Unfortunately, there are no reliable estimates for knowing the frequency of problems that occur in a breed. This forces each breeder to develop his or her own list of problems to worry about. One technique known to be of effective is to begin with a sheet of paper that has two vertical lines drawn from top to bottom. Space them wide enough so they form three columns. Over the first column write the words, "Problems in my breed". In this column list the traits and diseases considered of greatest importance to your breed. They might be size, short upper arm, small eyes, temperament or a specific disease(s). For example, in Dalmatians and German Shepherds it might be color, temperament, topline, upper arm or some disease. In other breeds, it might be body proportions, expression, shyness, lack of angulation, etc. The list could be long, but in every breed there will be at least four important problems that are more important then others. They should appear at the top of the list.
At the top of the other remaining columns write the words, "Weaknesses -Pedigree of: ______________". Enter over each column the name of the sire and the name of the dam to be bred. Under each of their names list the traits that need to be improved based on the breed standard. At the bottom of their lists add a section called "Strengths". Under this heading list the traits that are considered their strengths based on the breed standard. When both columns have been completed, the problems and the priorities for each dog will become apparent. These three columns now become the road map for things to study and worry about. These lists also make clear what information must be collected about each breeding partner. Illustrated below is the list for a typical stud dog and brood bitch.
|Problems in my breed||Weaknesses-Pedigree of Sire:
Ch. Win and Lose
|Weaknesses-Pedigree of Dam:
My Charm is Free
|Poor top lines||Top Line||Top Line|
|Cock hocks||Eye pigment||Reach and drive|
|Lack of rear angulation||Length of croup||Missing premolars|
|Short upper arms||Short upper arms|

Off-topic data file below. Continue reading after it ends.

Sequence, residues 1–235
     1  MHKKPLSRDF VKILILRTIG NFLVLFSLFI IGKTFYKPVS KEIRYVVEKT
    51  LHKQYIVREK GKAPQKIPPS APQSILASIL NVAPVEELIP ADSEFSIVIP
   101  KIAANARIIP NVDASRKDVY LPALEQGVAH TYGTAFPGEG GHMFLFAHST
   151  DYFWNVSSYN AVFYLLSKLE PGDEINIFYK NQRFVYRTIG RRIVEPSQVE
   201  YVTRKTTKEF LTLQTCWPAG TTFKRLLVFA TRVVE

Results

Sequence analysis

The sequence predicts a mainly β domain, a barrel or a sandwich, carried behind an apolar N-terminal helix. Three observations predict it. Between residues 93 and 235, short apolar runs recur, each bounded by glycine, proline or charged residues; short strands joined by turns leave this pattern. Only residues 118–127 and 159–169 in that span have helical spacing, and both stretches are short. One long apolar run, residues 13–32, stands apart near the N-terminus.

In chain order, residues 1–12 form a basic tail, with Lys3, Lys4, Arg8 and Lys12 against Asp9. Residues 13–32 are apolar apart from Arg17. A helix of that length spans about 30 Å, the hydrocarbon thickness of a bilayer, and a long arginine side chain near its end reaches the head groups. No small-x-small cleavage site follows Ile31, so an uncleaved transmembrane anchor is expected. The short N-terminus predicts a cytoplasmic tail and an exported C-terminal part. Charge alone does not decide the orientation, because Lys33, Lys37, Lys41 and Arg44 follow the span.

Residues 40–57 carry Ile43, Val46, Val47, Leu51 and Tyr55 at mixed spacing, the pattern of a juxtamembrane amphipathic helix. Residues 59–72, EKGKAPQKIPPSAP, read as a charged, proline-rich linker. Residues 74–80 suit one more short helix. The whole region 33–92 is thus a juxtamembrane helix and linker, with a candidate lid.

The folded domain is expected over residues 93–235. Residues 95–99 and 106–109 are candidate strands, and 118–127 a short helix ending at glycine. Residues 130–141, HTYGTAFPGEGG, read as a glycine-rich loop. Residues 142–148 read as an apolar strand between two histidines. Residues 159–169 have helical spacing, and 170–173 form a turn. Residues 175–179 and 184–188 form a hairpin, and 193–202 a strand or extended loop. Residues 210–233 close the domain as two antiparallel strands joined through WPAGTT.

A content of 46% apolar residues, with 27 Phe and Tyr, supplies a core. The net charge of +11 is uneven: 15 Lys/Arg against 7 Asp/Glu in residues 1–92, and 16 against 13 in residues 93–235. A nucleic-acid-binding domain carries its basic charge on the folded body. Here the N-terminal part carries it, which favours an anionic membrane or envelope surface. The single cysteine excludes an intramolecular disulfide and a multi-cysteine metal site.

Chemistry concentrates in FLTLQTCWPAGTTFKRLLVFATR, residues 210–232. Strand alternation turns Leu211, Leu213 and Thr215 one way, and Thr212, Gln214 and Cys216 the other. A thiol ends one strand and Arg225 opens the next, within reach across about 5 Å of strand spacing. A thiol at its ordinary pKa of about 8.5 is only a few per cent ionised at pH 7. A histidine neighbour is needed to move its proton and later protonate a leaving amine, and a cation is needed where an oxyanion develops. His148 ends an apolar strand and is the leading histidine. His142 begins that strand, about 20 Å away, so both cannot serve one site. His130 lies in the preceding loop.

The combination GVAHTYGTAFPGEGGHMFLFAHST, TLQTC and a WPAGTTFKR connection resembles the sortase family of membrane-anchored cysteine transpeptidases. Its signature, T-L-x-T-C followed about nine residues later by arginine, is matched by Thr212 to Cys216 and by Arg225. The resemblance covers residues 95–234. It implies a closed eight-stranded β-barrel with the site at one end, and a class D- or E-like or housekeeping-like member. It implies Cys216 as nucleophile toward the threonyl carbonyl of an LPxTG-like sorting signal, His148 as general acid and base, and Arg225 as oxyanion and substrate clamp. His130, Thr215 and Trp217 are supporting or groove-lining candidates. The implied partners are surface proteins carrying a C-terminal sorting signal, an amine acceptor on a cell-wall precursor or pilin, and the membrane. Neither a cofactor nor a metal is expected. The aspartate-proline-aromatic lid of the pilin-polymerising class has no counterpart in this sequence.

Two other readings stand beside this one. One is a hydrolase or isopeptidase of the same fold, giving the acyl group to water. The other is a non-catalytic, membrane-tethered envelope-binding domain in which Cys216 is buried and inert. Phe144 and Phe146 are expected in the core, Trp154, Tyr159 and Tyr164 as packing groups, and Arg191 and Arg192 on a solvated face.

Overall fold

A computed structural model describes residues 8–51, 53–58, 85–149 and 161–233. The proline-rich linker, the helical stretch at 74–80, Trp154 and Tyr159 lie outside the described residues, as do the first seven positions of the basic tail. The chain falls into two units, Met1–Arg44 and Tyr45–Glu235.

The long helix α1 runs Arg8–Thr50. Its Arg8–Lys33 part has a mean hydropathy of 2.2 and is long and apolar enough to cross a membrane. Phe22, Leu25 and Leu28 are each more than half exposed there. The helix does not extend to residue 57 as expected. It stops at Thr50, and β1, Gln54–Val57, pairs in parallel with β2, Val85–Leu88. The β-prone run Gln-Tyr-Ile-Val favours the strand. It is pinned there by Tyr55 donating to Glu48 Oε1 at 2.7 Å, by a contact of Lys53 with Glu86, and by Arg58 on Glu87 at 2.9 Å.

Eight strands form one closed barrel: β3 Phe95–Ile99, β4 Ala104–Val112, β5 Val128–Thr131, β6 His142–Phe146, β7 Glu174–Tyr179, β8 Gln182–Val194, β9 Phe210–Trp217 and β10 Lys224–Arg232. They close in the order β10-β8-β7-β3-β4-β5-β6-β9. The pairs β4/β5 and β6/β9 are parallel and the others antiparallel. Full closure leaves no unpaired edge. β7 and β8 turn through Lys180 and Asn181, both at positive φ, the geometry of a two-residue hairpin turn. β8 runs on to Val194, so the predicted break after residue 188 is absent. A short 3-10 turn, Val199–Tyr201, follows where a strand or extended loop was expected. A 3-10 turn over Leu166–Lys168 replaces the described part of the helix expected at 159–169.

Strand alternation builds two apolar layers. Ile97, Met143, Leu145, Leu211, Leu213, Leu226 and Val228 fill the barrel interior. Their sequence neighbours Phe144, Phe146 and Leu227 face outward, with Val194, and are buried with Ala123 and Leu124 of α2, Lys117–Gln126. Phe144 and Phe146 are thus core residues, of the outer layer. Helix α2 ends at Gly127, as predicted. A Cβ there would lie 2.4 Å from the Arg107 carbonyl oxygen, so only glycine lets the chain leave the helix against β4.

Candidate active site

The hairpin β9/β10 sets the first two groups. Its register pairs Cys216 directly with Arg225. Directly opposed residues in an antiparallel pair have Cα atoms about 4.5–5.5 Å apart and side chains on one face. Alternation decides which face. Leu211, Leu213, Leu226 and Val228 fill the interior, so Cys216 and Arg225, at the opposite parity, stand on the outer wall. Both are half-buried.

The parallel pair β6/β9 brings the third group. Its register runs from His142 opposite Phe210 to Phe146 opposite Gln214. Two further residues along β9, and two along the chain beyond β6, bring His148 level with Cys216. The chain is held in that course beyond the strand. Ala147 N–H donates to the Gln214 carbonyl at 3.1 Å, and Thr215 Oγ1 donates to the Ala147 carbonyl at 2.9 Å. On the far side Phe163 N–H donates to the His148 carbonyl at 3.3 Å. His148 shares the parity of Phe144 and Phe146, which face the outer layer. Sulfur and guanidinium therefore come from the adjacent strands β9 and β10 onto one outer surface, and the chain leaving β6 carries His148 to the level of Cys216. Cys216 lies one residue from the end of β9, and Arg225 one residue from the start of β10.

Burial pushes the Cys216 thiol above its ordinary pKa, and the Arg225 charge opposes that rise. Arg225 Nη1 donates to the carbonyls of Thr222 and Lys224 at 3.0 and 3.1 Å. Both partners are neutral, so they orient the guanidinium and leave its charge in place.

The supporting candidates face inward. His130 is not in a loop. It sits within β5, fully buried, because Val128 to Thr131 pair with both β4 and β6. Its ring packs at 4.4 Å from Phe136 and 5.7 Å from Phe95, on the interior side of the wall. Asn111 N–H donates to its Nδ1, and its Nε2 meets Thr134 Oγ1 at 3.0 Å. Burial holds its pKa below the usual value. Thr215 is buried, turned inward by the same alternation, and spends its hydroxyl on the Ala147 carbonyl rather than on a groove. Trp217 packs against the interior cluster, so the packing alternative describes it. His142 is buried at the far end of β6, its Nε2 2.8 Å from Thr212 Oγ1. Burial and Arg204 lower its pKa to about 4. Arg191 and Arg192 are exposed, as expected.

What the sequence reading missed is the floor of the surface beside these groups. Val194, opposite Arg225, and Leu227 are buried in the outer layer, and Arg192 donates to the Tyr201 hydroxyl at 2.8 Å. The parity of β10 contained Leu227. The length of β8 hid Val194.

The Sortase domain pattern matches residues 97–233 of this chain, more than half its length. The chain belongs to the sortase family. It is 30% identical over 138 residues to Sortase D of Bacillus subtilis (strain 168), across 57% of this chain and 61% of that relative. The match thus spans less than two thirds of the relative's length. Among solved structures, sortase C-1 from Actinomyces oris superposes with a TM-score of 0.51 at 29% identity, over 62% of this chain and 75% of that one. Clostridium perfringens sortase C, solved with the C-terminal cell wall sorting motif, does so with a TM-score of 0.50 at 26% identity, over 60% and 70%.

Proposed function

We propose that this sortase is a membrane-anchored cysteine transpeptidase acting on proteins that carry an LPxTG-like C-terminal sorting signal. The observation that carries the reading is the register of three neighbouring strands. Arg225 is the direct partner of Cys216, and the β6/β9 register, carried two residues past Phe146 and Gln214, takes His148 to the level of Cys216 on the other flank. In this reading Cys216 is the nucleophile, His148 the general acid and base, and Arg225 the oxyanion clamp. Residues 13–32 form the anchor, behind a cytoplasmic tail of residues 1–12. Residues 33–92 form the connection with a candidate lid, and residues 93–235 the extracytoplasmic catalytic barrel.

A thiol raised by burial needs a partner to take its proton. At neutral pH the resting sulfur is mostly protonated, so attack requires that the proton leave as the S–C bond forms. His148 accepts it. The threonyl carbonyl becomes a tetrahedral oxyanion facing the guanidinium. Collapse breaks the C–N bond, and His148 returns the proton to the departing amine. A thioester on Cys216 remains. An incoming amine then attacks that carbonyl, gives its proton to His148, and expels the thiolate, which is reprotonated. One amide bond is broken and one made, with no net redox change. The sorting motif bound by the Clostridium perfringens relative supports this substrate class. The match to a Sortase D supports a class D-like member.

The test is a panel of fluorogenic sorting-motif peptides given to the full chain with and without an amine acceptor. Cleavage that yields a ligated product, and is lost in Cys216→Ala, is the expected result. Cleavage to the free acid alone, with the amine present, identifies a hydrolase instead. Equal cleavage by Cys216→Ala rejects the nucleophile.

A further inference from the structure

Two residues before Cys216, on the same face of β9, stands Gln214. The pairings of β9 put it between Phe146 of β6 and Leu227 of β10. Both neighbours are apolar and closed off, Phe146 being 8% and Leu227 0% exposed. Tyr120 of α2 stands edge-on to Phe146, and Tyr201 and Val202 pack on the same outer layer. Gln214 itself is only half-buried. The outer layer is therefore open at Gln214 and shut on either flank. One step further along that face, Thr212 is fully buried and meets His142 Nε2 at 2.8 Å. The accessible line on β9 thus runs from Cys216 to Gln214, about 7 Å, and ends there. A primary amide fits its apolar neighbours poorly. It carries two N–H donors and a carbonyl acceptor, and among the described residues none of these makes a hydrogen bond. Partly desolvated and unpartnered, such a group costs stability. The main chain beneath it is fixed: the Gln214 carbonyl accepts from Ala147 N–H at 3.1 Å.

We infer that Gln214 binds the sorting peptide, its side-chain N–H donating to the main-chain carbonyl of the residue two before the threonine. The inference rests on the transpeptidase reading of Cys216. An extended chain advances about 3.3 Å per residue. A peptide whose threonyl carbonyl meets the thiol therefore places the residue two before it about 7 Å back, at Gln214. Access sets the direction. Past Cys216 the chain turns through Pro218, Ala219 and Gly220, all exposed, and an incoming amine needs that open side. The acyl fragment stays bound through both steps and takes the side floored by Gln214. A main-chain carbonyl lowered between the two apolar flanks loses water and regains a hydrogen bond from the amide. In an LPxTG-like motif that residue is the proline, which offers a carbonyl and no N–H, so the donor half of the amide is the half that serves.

|Health Prpblems||Strengths||Strengths of Dam|
|Hip dysplasia||Balance, reach and drive||Head proportions|
|Bloat||Good feet||Eye and coat pigment|
|PRA||Good feet||Correct croup and tail set|
|Excelent head||Good body proportions|
Identifying problems on paper first helps to focus and give directions to a breeding program by keeping the important things in perceptive. It also serves as a reminder for what problems are present and which ones should be given the priority. The exercise of writing things down should be done before making the decision to use a sire or dam. This exercise helps to clarify and highlight what specific strengths and weaknesses are involved between the breeding partners. It also helps to identify the difference that exists between them. If the strengths and weaknesses of each breeding partner do not offset each other, it makes no sense for the breeding to take place. It makes less sense to worry about improving coat quality or color, if structure, temperament or health are the problems. In the example used above, notice that both the sire and dam have poor toplines. Unless they both have littermates and ancestors with correct top lines it would be difficult to justify this breeding because it is likely to concentrate the genes needed to produce a litter with the same poor top lines as their parents.
Another common mistake is to place emphasis on only one trait. Those who do not consider the total dog, meaning the core traits (conformation, health, and temperament) will find that over time, the quality of their pups will soon begin to drift toward the breed average. In time, their pups will show all of the variations found in their breed.
In the final analysis, how much of a difference a breeder will make in his or her breeding program will be directly related to how well these principles are understood.